TV Review: COMMUNITY 3.20-3.21 “The First Chang Dynasty” and “Introduction to Finality”

Brian wraps up this season - but not its last - of COMMUNITY.

"I'M the center slice on a square cheese pizza. YOU'RE Jim Belushi."

Whenever I'm kind of left cold by an episode of Community, I wonder if I just wasn't in the mood or something, because the show is usually so consistently good. So even though it's escalating my eventual carpal tunnel by writing up extra recaps, it's a good thing that two more episodes aired after "Digital Estate Planning", because I really dug them both and laughed my ass off throughout, so now I know it wasn't me. Hurrah!

The first episode, "The First Chang Dynasty," is the direct followup from "Curriculum Unavailable," with the group trying to convince Officer Cackowski (I love this guy so much) that the Dean has been replaced with an impostor. Unable to do so since Cackowski is too busy thinking about his "Copera," they decide to take matters into their own hands with an elaborate heist, involving magicians, fake plumbers, a chef and a Swami. If you've ever wanted to see an Ocean's 11 style plan unfold in roughly twelve minutes, Community has got you covered - it even has the now standard "fail on purpose" part of the plot.

This is, of course, a very ridiculous episode of the show. Any time Chang is a central element things get overly silly, and this is no exception, but it works quite well in this case. For three years the group have been mocking the Dean despite his obvious love for them, and it's great to see them go to such lengths to rescue him - outlandish or not. It also lets Ken Jeong cut loose and be as insane as he's ever been, which is a much better use of the character than, say, begging a bunch of people who don't like him to let him hang out with them. Because this way we get a very sloppy version of "Axel F" played on a keytar. Sure, one could argue that this might be the most unrealistic subplot ever on the show (Dean asks if anyone has paid his rent, the closest we get to any sort of reality about a man who has been missing for two months), but with all that time being off-screen, added to the fact that the place is simply weird to begin with, it's easy enough to accept.

The episode also restarts the somewhat dormant subplot of the past season, which is Troy's seduction by the AC repair school. In exchange for information and later a save from certain doom, Troy agrees to join the school, which means he has to move out of his apartment, cease all contact with his friends and stop saying "sensational" for some reason. That he finally agreed to join them to save his friends worked well, and I particularly liked how they showed Britta's disappointment with this development without getting too far into "doomed romance" territory. The episode ends with her and everyone else giving their odd goodbyes (Pierce: "Never wear a rubber." Jeff: "Never listen to Pierce."), with Abed's in particular being hilarious and touching in a very wonderful way, which segues nicely into the second episode, titled "Introduction To Finality."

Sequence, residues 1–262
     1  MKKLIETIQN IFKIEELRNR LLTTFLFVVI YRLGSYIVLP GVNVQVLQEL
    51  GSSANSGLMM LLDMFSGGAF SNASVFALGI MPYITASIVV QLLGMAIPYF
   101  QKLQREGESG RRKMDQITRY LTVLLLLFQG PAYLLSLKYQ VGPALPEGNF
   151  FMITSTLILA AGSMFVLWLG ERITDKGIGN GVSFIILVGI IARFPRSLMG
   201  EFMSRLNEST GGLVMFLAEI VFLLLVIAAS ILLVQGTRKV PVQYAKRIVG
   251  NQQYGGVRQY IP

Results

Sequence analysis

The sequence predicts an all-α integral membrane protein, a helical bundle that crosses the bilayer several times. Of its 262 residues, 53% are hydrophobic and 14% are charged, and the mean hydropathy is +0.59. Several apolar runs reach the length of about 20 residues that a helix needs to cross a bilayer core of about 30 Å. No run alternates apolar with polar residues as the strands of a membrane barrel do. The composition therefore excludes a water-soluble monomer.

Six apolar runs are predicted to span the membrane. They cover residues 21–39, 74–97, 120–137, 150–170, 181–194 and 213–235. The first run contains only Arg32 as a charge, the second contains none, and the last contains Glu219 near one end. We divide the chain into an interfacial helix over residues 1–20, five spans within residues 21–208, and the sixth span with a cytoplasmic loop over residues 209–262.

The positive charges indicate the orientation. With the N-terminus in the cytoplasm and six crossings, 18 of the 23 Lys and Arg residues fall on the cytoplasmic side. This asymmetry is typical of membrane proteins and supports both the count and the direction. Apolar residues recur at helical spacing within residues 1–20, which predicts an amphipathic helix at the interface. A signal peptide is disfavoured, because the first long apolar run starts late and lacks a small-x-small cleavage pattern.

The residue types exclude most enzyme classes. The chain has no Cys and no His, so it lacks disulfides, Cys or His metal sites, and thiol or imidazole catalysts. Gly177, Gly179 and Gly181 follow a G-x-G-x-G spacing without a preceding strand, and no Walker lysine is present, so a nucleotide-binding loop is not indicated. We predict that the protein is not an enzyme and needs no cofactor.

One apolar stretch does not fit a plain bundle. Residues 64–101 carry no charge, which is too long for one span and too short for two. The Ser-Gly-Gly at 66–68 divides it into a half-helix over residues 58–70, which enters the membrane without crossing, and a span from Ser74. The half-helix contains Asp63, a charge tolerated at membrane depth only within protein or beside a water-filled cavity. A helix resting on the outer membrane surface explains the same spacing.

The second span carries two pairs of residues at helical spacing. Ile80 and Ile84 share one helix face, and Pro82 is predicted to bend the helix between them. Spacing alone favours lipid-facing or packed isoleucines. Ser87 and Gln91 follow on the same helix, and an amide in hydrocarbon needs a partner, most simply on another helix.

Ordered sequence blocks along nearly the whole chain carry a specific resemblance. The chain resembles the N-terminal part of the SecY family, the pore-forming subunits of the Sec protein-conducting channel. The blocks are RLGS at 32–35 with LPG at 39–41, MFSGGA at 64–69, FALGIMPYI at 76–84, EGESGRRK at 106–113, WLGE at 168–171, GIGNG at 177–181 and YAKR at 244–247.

Let's not beat around the bush - this one was most likely written with the assumption of its being the SERIES finale, though that might not be clear until its closing moments. The bulk of the episode finds the group split up for the first time in a while, as Troy is off with the AC school and a depressed Abed refuses to leave the apartment, which prompts Britta to "therapize" him. Jeff just wants to study for their biology final, but unfortunately gets roped into a not particularly nasty war between Shirley and Pierce for ownership of the sandwich shop now that Subway (eat fresh) has pulled out of Greendale. And Annie... actually Annie doesn't get to do much here, which is surprising when you consider that it might very well have been the last time we saw her. Everyone else was more or less coming into their own and making a breakthrough, but I guess there wasn't time to work in a major storyline for her as well.